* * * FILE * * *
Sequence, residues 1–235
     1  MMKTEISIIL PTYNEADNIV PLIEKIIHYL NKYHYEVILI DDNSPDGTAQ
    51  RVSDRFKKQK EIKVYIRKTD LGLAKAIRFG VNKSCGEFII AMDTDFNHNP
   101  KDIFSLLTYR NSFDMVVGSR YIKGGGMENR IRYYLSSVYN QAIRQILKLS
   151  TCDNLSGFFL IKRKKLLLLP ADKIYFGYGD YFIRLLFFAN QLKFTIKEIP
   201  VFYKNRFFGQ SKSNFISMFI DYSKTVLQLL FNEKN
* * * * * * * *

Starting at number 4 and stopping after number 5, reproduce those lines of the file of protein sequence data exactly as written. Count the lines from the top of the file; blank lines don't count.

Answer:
   101  KDIFSLLTYR NSFDMVVGSR YIKGGGMENR IRYYLSSVYN QAIRQILKLS
   151  TCDNLSGFFL IKRKKLLLLP ADKIYFGYGD YFIRLLFFAN QLKFTIKEIP